A Jewish biblical garden is a great way to express your faith while creating a beautiful place for your family or community. Find out about creating Jewish Torah gardens in this article.
What is a Jewish Garden?
A Jewish garden is a collection of plants that hold meaning to people of the Jewish faith. It is a place for peaceful contemplation and meditation. The design should include seating and shady pathways where visitors can feel as though they are stepping back in history as they enjoy the surrounding beauty and symbolism.
When you begin planning your garden, choose your plants carefully so they will have meaning rooted in the faith of the Jewish people. Begin with as many of the Seven Species as you can, and round it out with plants that symbolize biblical events. For instance, the flame-colored leaves of a spirea can represent the burning bush.
Jewish Garden Plants
The selection of Jewish garden plants centers around the Seven Species listed in Deuteronomy 8:8 which include: wheat, barley, figs, grapevines, pomegranates, olives and date palm honey.
- Wheat and barley are two essential grains that provided bread, food for livestock, and chaff for fuel. They were so important that wars stopped, and all other activity ceased until the crops were safely harvested. If you don’t have room for a field of grains, tuck in a little wheat here and there as you would ornamental grasses.
- Figs and fig trees symbolize peace and prosperity. The fruit can be eaten fresh or dried and stored, and the leaves are used to make a number of household items including umbrellas, dishes and baskets.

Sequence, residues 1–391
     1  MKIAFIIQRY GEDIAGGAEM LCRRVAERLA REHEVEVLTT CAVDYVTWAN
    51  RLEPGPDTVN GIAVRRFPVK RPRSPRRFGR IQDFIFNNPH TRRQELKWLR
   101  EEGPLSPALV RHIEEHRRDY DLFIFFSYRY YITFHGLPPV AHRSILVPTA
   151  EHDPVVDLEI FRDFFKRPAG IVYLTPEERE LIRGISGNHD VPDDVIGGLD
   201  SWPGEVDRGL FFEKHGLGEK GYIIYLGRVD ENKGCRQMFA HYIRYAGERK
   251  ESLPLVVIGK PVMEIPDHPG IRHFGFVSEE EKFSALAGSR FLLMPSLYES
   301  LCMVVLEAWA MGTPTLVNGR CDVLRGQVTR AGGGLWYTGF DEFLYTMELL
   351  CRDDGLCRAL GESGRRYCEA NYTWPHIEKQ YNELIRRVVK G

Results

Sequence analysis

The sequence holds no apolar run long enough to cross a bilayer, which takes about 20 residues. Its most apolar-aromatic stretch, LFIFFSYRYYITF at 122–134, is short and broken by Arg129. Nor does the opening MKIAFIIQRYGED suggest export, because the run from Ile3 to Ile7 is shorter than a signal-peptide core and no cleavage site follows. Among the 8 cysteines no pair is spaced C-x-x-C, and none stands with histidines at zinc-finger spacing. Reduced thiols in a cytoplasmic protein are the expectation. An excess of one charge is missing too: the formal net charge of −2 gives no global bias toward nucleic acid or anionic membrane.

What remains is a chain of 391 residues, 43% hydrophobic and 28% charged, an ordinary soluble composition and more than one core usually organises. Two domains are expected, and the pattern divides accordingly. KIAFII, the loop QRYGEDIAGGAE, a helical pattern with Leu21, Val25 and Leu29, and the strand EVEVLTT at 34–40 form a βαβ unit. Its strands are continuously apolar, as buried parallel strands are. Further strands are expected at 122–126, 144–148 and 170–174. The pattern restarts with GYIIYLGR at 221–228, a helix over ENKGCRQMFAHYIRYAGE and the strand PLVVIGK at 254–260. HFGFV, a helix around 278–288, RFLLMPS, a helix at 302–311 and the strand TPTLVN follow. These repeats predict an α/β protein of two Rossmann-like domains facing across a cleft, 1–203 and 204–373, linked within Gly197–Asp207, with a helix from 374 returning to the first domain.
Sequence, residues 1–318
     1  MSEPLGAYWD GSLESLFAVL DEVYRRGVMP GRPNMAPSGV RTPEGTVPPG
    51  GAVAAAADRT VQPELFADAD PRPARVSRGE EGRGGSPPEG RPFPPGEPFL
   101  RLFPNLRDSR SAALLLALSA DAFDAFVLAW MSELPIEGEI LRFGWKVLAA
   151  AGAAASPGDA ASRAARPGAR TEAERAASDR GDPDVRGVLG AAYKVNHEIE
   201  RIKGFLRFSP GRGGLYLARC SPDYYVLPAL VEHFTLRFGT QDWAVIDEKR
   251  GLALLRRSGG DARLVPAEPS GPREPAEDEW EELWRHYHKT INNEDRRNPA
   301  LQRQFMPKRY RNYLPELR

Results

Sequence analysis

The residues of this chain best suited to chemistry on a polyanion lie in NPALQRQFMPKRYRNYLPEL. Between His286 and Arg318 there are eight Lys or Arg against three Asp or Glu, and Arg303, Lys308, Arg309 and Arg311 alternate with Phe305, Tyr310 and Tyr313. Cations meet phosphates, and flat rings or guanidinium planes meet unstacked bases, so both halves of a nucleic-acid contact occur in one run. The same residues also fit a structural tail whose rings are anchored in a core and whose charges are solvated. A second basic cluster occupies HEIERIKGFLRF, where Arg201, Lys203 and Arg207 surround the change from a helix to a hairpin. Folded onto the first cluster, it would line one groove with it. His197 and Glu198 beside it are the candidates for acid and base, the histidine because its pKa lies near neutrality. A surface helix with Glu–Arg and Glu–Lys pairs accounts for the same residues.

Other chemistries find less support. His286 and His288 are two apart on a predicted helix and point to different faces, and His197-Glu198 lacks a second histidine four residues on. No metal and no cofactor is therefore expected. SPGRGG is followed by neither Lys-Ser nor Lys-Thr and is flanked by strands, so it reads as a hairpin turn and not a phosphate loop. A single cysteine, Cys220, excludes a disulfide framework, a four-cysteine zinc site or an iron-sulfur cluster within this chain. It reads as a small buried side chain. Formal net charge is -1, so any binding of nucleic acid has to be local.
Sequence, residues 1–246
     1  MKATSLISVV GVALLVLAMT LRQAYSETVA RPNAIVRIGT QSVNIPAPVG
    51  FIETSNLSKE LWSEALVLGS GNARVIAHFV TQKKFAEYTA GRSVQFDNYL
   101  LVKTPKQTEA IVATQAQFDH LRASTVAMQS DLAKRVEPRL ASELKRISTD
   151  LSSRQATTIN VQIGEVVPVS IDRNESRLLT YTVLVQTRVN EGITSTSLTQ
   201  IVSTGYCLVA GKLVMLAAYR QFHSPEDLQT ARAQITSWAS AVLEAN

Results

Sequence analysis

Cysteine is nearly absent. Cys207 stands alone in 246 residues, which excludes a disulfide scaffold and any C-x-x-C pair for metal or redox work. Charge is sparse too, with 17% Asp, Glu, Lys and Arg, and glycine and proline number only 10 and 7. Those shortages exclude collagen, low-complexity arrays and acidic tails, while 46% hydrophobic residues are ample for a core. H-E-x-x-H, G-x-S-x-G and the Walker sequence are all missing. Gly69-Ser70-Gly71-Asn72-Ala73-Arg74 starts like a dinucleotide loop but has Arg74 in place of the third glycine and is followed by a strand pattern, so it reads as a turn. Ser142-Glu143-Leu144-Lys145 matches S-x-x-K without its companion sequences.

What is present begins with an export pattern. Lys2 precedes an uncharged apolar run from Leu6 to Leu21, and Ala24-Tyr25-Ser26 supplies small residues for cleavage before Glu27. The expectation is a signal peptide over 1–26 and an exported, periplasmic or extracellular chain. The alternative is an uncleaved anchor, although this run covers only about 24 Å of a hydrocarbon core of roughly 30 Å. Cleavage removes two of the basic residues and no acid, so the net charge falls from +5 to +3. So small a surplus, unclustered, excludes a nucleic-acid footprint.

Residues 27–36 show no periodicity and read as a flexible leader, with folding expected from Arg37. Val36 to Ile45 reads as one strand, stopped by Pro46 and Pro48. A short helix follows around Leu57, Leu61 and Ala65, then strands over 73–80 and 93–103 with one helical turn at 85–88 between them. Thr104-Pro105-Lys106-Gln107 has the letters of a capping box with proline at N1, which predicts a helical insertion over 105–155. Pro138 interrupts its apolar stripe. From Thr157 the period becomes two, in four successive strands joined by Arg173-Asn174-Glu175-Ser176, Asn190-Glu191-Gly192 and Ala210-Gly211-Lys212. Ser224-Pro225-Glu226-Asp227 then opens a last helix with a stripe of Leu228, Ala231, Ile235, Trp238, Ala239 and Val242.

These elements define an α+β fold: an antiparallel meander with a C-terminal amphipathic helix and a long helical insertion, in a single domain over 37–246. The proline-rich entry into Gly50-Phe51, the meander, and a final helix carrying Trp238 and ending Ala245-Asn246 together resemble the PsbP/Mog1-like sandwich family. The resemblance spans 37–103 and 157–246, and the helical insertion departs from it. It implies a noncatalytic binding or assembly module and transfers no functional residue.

- Grapevines provided shade for people and animals, food in the form of fresh grapes and raisins, and wine. The vines symbolize bounty. Images of grapevines appear on coins, pottery, portals of synagogues and tombstones.
- Pomegranate trees are pretty enough to use as a focal point in the garden. A symbol of fertility because of the abundance of seeds it contains, pomegranates may have been the forbidden fruit in the Garden of Eden. Pomegranate designs were used to decorate religious garments of the high priests, and you’ll sometimes see them on the decorative tops of torah rollers.
- Olives were grown throughout the holy land. They can be pressed to extract the oil or soaked in brine as a traditional food. Olive oil was used in medicines, as a base for perfumes, as a lamp oil and in cooking.
- Date palms produce a tasty fruit, but they are impractical for most gardens because of their size and warm temperature requirements. A date palm frond can grow as much as 20 feet long. Deuteronomy specifies the honey made from date palm trees.
These Seven Species have sustained the Jewish people throughout history. Some additional categories of plants that you may find meaningful in your Jewish garden design are: